In the report into the way the BBC manages its properties, the National Audit Office (NAO) said around 2,900 staff work at Salford although it could house 3,270 staff.
It said: “Information collected by the BBC on entry and exits through security barriers over a four week period in 2014 suggested that no more than 1,690 people were on site at peak times.”
And it continues: “The BBC has incomplete information on how many people work at some buildings, particularly freelancers and casual staff. It has carried out detailed surveys of desk use at several of its main sites.
“However, these survey methods do not necessarily capture the dynamic nature of the business and the need for space. Changing work practices and project teams can quickly lead to changes in use and capacity.
“Flexible working practices mean that staff registered at particular locations can work from other sites or from home, as the BBC’s own work at Salford has illustrated. The BBC informed us that it intends to install a system that will provide it with more accurate information on the number of people using its main sites.”
Updated 4.10pm: A BBC spokesperson has been in touch to point out that today, just over 2900 people are working in Media City. At the time of the survey there were only 2300 located here. By the end of 2015 here will be some 3150 staff based here.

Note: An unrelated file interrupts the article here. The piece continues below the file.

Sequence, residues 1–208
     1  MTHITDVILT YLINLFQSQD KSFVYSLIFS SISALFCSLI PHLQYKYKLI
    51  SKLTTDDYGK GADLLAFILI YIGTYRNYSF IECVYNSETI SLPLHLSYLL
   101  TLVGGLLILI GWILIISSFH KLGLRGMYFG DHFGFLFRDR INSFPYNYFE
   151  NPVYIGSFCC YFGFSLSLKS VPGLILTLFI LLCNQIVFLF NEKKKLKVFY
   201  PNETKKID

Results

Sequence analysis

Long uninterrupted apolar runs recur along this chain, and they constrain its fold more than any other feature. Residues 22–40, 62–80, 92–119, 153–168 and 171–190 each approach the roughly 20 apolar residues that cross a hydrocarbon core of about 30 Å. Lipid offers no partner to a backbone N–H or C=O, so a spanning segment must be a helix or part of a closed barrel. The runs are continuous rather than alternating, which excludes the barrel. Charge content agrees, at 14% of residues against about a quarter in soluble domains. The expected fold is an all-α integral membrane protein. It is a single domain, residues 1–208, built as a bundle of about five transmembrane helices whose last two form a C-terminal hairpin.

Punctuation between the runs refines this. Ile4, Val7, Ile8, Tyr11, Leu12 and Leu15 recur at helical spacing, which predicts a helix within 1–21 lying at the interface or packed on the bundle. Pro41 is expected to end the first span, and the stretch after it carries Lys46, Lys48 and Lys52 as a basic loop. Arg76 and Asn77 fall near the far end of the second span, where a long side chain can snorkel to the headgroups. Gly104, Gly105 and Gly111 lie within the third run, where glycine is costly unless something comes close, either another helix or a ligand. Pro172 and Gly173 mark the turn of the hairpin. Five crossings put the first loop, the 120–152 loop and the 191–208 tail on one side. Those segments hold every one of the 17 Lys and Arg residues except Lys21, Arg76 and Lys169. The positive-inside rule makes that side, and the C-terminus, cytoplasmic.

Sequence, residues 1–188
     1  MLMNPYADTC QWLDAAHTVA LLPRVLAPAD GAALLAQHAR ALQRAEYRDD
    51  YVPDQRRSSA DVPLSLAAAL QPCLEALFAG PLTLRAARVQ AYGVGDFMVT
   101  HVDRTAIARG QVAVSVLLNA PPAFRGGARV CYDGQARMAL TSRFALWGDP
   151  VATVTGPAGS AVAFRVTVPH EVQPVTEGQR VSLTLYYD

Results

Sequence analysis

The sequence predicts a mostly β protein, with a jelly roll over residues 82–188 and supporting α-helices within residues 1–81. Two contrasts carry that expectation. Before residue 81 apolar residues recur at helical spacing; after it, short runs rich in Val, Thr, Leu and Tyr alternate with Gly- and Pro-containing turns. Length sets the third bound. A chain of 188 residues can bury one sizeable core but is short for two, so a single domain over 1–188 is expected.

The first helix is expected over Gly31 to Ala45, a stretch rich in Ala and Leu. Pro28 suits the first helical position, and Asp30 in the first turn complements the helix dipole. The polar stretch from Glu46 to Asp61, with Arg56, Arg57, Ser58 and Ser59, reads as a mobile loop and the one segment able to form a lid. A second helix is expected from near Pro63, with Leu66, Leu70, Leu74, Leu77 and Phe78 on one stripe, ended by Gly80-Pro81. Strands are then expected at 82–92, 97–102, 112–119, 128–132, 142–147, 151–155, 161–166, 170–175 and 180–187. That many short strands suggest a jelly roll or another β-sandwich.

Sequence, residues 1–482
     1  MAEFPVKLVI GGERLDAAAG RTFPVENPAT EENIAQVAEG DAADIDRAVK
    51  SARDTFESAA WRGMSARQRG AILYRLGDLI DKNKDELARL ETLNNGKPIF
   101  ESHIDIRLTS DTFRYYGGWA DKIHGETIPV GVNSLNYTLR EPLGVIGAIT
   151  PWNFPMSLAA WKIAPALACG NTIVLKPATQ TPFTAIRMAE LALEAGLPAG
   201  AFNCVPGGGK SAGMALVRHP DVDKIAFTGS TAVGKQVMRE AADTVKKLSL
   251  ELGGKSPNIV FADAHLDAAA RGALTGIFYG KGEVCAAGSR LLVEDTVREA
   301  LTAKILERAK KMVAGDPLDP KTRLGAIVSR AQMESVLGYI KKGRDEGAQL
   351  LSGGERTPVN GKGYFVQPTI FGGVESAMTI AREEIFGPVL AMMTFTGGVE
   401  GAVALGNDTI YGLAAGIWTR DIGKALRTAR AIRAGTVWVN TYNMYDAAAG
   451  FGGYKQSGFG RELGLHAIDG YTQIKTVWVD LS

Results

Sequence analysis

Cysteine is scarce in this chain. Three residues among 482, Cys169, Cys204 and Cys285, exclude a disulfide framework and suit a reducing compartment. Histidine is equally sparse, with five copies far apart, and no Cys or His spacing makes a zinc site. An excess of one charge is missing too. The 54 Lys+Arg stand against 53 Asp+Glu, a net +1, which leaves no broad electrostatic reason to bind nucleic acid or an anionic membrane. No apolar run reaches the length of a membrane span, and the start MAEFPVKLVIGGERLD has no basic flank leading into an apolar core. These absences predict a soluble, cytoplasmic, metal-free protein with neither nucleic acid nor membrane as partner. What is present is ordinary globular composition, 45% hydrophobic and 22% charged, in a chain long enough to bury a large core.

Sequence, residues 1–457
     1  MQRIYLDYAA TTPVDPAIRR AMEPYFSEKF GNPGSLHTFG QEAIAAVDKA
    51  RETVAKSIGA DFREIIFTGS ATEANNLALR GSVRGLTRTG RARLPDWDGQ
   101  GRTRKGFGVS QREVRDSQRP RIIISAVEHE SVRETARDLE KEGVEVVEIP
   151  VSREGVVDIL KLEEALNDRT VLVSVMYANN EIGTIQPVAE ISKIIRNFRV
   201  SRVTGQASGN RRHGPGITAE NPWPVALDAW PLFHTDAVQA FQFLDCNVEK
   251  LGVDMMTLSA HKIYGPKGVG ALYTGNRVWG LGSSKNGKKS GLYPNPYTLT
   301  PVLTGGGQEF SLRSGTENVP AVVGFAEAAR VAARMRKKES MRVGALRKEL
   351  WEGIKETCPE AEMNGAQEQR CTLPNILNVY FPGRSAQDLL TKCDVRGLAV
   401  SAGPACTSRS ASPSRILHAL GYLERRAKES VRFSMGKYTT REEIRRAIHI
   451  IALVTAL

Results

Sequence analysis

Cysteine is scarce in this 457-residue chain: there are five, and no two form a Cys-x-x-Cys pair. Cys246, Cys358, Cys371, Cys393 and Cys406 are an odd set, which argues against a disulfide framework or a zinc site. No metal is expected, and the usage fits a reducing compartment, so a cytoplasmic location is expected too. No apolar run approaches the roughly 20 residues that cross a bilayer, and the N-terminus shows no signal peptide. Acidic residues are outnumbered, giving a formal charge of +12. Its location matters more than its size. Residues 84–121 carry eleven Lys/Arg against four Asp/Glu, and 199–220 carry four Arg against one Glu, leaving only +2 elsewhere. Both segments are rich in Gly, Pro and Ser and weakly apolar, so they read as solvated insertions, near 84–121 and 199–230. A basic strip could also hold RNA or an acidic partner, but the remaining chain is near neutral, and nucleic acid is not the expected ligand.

He said:“Our move to MediaCity has been a success and its cost is one of the lowest in the BBC estate. Before the move in 2011, people in the north of England felt they weren’t represented fairly in BBC content compared to the rest of the UK – our research shows this is no longer the case. In addition, the move to Salford allowed the BBC to meet its commitment for the majority of BBC staff to be based outside of London, a year earlier than anticipated.”
The NAO report is also critical of the corporations’ expenditure in London and reveals that the cost of running its redeveloped New Broadcasting House headquarters is three times higher than the UK average and almost double that of comparable central London buildings.
The BBC Trust value for money chair Nick Prettejohn responded saying: ““The BBC has reduced the size of the estate by almost a third while at the same time adding new TV channels and radio stations, and modernising its buildings. These are significant achievements and I am pleased that the NAO have recognised the good progress made. Today’s report also gives a clear steer on where further improvements can be made and the Trust will continue to track progress to make sure the NAO’s recommendations are implemented in full.”